Image: Luis Ascui/AAP
Public hospitals – never with much spare capacity – have been severely stressed by the latest COVID wave.
The current Omicron outbreak has loaded even heavier demands on hospital beds, both for those who need oxygen and for the severely ill in intensive care wards, as well as those who cannot be cared for at home or in an aged-care facility.
Staff are angry having to provide intensive care beds for people who choose not to be vaccinated and then get seriously ill.
Intensive care nurses in Sydney began strike action outside Westmead Hospital on Wednesday to protest dangerous work conditions and low staffing levels.
— Craig Underhill (@CraigUnderhill) January 15, 2022
Now, three emergency measures will help us muddle through the crisis, caused in part by the removal of public health controls just before the social festive season which commentators have referred to as “letting it rip”.
The combined effects of these short-term measures should enable us to cope with the pressures of increased numbers of patients requiring care.
But the sheer number of cases of Omicron, even if is milder than the Delta variant and assuming case numbers decline, will test these arrangements to the limit.
1. Reinforcing the front line
In Victoria, a “Code Brown” has been implemented across the hospital system.
It means staff of major city and regional public hospitals may have their leave cancelled and be allocated to work where needs are greatest. Non-urgent care may be postponed.
It’s designed to allow the hospitals to compensate for thousands more patients and several thousand fewer staff, off work because of COVID.
This is the first time the code has been used statewide.
It’s designed to respond to an emergency, such as a road accident, bushfire or other natural disaster.
2. Recruiting the private sector
The federal government has agreed private hospitals should work with public hospitals to care for COVID patients.
During the pandemic, most COVID patients have been treated in the public sector.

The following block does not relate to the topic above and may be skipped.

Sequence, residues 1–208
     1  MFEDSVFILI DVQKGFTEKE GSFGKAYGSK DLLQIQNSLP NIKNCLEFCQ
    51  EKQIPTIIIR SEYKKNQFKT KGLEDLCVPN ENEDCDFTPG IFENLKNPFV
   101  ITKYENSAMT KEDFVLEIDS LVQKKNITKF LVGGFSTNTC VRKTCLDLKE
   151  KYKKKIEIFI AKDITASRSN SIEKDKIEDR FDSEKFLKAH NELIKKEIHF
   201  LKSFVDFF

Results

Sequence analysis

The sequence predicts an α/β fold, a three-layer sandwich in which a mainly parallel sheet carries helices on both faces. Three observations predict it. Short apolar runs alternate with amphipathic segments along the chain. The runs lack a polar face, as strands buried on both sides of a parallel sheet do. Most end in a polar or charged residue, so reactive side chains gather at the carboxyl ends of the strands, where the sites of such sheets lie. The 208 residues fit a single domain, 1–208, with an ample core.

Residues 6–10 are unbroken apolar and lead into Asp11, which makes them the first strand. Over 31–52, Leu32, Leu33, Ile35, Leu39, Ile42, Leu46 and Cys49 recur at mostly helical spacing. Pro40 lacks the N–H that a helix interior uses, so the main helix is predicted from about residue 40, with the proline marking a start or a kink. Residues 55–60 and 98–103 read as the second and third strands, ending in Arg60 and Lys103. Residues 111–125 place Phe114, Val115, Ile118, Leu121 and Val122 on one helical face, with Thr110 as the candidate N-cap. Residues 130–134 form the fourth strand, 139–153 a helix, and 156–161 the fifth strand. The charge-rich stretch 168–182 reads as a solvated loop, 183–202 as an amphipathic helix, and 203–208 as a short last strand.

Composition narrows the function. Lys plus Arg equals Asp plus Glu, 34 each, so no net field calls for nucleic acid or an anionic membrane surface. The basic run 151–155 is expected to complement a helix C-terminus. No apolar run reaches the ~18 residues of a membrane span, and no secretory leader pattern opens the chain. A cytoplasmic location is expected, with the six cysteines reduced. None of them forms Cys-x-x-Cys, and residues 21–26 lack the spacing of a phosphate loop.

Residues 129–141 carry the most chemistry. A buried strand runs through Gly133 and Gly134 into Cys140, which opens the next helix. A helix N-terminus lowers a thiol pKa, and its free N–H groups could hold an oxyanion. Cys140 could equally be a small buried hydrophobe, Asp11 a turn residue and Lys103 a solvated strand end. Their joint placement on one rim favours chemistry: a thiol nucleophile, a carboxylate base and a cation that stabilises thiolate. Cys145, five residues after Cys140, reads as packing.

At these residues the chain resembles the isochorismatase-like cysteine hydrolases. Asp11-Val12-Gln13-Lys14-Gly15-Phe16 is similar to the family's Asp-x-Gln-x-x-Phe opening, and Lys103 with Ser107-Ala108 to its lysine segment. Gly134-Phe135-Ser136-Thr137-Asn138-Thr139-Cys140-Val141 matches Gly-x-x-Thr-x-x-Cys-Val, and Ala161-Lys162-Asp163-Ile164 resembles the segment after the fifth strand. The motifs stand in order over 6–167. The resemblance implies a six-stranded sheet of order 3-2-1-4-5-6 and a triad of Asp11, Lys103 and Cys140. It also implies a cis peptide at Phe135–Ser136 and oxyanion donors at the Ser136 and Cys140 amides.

Health minister Greg Hunt said this week up to 57,000 nurses and thousands of support staff from private hospitals would be available to work in public hospitals.
This contingency plan was enacted in 2020 and held in reserve. Now it’s needed because of short staffing in the public sector because of the load and absenteeism of staff.
The details – including wages – would be left to the states to determine.
This move should ease the pressure on public hospitals. But a nurse or other health worker from a private hospital working in a public hospital environment encounters yet more stress. It’s rather like moving between countries – language and customs vary, and in the strict, protocol-driven environment of the modern hospital, these differences can be dangerous.
The workers to be drawn from the private sector were not idle before the call-up. It is not clear who, if anyone, will do the work these people did previously in the private sector, which provides much elective surgery. Further delays and cancellations of surgery may result.
3. Elective surgeries postponed
Elective surgery – that is, non-urgent surgery – will be reduced in public hospitals across many parts of the country, if not completely cancelled. This includes hip and knee replacements and surgery for many problems other than emergencies.
This action has been taken at several stress points in the past two years.
For those people depending on Medicare and public hospitals for hip surgery, for example, this will mean further delays.
Because hospitals aren't coping, several states have temporarily suspended non-urgent (category 2 and 3) elective surgery – procedures that don't necessarily need to take place within 30 days, but which can still cause *significant pain or disability*
— Donna Lu (@donnadlu) January 20, 2022
When the COVID war is over, it will be time for forensic soul searching to enable us to build a modern and better health system.
We have done well, but not as well as we might.
This article was written by:
Stephen Leeder does not work for, consult, own shares in or receive funding from any company or organisation that would benefit from this article, and has disclosed no relevant affiliations beyond their academic appointment.